Pilot implementations provide users with real-work experiences of how a system will affect their daily work before the design of the system is finalized. On the basis of a pilot implementation of a system for coordinating the transport of patients by hospital porters, we investigate pilot implementation as a method for participatory design. We find that to foster participation and learning about user needs a pilot implementation must create a space for reflecting on use, in addition to the space for using the pilot system. The space for reflection must also exist during the activities preparing the use of the pilot system because the porters and nurses learned about their needs throughout the pilot implementation, not just during use. Finally, we discuss how the scope and duration of a pilot implementation influence the conditions for participation.
|Titel||OzCHI '14 : Proceedings of the 26th Australian Computer-Human Interaction Conference on Designing Futures: the Future of Design|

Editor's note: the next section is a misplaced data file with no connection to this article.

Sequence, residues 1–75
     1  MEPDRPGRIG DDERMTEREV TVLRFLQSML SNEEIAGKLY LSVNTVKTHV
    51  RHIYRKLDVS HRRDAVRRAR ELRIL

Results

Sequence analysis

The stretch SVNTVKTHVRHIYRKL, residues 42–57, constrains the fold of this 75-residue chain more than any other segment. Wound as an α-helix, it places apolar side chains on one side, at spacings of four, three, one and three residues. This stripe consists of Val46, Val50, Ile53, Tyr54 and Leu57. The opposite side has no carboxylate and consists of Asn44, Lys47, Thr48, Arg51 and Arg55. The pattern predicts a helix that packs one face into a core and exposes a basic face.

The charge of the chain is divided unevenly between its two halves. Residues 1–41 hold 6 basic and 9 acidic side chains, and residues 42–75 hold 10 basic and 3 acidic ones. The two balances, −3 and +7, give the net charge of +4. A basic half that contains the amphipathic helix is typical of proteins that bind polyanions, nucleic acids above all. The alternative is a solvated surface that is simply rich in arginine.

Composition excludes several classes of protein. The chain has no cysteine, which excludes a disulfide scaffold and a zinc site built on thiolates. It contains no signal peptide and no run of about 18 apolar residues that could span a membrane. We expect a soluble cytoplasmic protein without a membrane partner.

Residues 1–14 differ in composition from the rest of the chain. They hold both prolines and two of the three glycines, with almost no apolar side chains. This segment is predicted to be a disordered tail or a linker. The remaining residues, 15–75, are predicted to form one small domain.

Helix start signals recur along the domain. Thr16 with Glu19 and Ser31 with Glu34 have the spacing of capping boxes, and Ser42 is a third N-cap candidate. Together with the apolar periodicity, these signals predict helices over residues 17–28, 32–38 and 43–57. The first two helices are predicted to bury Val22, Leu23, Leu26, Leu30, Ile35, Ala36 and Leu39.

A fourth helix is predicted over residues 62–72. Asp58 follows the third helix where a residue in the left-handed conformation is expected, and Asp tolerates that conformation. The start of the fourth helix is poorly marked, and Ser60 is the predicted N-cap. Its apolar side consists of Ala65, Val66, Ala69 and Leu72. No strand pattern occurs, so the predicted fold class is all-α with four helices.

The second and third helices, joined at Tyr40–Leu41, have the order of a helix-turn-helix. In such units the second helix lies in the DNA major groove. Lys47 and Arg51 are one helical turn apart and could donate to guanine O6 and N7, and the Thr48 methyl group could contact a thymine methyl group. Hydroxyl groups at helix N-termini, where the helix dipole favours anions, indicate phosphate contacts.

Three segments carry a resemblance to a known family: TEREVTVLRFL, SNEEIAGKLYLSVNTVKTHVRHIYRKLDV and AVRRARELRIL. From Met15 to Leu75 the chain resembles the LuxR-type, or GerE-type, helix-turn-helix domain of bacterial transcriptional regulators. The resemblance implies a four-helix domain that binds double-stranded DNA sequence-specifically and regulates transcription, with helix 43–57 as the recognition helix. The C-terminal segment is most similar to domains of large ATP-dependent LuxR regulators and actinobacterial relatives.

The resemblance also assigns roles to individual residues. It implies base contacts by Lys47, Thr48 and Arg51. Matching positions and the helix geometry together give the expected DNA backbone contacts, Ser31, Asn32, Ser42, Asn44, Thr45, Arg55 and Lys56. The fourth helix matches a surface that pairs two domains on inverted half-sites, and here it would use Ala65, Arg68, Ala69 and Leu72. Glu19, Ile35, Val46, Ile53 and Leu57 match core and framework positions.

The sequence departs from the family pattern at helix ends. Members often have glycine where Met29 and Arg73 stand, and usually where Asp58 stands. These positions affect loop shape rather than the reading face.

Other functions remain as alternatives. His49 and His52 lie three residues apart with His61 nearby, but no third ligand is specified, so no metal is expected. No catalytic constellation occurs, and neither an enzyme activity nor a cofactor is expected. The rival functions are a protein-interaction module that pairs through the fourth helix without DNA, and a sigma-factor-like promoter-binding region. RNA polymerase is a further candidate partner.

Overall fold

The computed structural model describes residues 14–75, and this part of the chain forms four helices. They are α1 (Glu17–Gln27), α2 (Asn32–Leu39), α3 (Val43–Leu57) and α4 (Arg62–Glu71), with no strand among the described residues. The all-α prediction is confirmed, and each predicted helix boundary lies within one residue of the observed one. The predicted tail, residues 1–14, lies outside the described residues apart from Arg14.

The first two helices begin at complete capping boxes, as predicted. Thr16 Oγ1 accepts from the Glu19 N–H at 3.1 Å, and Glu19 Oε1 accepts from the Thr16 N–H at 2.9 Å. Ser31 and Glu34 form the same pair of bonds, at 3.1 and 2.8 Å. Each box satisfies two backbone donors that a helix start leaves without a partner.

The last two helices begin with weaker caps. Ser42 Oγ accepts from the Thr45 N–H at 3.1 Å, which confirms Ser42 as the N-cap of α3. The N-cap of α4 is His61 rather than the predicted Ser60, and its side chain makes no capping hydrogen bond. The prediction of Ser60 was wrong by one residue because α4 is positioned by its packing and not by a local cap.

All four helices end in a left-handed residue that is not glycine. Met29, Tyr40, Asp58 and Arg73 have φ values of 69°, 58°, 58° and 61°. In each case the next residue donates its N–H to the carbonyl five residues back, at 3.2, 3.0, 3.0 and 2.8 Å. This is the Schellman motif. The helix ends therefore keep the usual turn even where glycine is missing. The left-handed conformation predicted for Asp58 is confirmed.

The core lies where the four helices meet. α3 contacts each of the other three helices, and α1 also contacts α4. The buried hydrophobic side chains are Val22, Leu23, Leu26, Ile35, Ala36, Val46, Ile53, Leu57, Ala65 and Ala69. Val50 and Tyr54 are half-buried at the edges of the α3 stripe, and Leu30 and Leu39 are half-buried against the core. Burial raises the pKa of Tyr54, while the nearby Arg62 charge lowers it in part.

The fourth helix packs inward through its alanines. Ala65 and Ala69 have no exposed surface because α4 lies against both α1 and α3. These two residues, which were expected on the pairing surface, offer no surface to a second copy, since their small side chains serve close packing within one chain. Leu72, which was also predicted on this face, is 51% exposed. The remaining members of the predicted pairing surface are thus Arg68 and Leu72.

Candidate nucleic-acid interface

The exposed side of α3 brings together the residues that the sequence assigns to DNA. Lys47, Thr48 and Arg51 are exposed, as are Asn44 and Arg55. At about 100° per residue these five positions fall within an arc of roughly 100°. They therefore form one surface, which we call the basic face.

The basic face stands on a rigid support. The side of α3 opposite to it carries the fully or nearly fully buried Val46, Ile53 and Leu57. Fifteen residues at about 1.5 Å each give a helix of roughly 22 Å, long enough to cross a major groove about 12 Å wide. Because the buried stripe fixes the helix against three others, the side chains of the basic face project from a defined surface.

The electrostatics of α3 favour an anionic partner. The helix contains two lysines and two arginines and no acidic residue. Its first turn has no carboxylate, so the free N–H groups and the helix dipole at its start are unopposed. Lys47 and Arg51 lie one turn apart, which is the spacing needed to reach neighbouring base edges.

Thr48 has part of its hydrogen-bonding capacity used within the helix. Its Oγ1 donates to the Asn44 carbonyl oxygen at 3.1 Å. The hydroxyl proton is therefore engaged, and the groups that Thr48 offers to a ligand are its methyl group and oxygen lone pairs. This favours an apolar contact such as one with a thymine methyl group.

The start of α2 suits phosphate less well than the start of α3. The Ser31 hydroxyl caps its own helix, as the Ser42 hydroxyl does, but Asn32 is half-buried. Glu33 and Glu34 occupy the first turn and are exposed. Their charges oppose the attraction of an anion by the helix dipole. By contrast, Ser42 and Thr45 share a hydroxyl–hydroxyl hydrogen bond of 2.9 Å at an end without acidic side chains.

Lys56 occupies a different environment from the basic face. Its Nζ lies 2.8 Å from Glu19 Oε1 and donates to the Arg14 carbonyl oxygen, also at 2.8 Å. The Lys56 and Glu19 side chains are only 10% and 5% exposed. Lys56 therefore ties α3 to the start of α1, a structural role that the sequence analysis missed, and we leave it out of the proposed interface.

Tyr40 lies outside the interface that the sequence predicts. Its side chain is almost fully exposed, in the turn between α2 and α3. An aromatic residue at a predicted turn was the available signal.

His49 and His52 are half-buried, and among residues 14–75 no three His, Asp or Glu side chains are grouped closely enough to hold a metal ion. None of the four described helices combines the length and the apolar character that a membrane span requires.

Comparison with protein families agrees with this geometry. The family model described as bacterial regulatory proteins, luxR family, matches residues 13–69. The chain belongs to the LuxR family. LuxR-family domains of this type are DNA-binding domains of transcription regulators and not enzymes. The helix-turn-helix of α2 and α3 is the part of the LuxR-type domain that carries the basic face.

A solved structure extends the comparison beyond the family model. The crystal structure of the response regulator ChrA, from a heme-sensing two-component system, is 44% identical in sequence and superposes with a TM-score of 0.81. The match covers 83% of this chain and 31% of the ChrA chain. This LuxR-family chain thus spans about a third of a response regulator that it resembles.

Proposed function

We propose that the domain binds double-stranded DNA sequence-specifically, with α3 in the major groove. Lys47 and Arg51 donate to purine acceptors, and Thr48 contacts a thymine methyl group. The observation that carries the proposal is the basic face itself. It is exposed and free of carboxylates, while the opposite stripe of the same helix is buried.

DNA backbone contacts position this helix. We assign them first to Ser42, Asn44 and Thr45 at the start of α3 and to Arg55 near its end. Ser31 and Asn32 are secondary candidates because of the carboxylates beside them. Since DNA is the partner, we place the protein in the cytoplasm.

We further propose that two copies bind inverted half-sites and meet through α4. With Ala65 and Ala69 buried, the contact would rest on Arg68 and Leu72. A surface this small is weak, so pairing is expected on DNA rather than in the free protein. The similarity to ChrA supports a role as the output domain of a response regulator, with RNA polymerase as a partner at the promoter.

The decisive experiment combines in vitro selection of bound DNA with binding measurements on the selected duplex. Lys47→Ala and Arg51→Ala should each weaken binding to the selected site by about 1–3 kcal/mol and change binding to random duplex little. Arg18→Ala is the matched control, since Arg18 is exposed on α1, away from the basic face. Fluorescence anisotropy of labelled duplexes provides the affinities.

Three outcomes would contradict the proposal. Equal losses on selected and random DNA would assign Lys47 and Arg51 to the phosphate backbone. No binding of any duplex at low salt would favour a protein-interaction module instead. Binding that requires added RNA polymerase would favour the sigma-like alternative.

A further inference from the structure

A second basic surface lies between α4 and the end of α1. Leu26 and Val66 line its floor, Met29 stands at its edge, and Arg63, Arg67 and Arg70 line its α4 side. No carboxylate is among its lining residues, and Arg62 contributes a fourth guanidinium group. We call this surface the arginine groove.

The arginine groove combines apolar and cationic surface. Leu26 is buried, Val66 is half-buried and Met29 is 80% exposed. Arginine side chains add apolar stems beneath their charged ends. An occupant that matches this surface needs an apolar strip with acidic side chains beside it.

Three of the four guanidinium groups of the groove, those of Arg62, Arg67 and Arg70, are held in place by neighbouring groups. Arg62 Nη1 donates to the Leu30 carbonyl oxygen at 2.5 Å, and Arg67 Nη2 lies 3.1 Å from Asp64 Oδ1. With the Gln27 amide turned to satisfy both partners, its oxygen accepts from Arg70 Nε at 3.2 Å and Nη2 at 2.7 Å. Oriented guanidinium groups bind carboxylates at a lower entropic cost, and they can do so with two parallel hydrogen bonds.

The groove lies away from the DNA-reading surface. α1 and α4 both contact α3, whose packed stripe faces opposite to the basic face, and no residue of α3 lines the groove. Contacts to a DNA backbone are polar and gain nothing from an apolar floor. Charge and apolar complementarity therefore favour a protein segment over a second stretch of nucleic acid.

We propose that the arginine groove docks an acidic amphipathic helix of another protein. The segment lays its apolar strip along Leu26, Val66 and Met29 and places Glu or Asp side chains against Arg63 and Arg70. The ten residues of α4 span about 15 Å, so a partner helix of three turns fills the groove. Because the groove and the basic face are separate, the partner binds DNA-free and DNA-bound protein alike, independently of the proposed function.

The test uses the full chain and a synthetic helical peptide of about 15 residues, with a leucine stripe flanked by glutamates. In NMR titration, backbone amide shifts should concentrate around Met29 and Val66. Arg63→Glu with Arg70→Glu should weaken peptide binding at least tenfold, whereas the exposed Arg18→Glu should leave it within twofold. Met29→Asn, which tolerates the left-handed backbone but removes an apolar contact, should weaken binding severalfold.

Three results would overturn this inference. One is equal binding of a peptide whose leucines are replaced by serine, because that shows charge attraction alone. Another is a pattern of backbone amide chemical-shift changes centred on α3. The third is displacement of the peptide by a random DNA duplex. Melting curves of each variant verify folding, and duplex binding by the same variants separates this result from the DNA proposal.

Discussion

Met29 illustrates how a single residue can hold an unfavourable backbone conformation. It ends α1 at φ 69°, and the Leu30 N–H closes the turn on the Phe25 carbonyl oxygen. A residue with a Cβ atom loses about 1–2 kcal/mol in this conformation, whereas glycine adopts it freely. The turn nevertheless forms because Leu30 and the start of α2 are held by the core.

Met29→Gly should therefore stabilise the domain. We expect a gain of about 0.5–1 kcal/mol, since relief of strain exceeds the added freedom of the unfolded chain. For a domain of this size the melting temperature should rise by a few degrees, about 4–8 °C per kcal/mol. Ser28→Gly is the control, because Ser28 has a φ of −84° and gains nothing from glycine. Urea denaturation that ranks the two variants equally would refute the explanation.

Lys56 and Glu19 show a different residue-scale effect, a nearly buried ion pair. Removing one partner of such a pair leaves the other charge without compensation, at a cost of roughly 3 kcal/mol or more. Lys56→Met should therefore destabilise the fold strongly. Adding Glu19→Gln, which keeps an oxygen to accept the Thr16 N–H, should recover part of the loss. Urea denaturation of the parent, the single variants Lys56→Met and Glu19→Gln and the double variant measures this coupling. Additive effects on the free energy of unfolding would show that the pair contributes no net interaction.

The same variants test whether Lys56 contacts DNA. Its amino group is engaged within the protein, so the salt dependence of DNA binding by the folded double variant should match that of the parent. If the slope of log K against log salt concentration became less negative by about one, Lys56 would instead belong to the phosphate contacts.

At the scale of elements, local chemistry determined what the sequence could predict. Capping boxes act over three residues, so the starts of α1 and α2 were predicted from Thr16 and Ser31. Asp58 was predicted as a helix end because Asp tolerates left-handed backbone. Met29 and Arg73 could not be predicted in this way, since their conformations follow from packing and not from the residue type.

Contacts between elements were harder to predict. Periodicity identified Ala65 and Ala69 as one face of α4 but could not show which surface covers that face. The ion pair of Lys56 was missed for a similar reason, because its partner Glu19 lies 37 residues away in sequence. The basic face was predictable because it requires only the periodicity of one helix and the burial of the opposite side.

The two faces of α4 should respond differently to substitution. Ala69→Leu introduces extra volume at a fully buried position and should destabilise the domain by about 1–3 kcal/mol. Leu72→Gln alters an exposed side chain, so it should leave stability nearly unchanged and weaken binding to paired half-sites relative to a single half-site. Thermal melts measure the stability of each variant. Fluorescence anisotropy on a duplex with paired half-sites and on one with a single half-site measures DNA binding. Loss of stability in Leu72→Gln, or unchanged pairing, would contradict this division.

|Status||Udgivet - 2014|
|Begivenhed||OzCHI2014: Designing Futures: The Future of Design - The University of Technology, Sydney, Australien|
Varighed: 2 dec. 2014 → 5 dec. 2014
|Lokation||The University of Technology|
|Periode||02/12/2014 → 05/12/2014|
Torkilsheyggi, A. M. Á., & Hertzum, M. (2014). User Participation in Pilot Implementation: Porters and Nurses Coordinating Patient Transports. I OzCHI '14: Proceedings of the 26th Australian Computer-Human Interaction Conference on Designing Futures: the Future of Design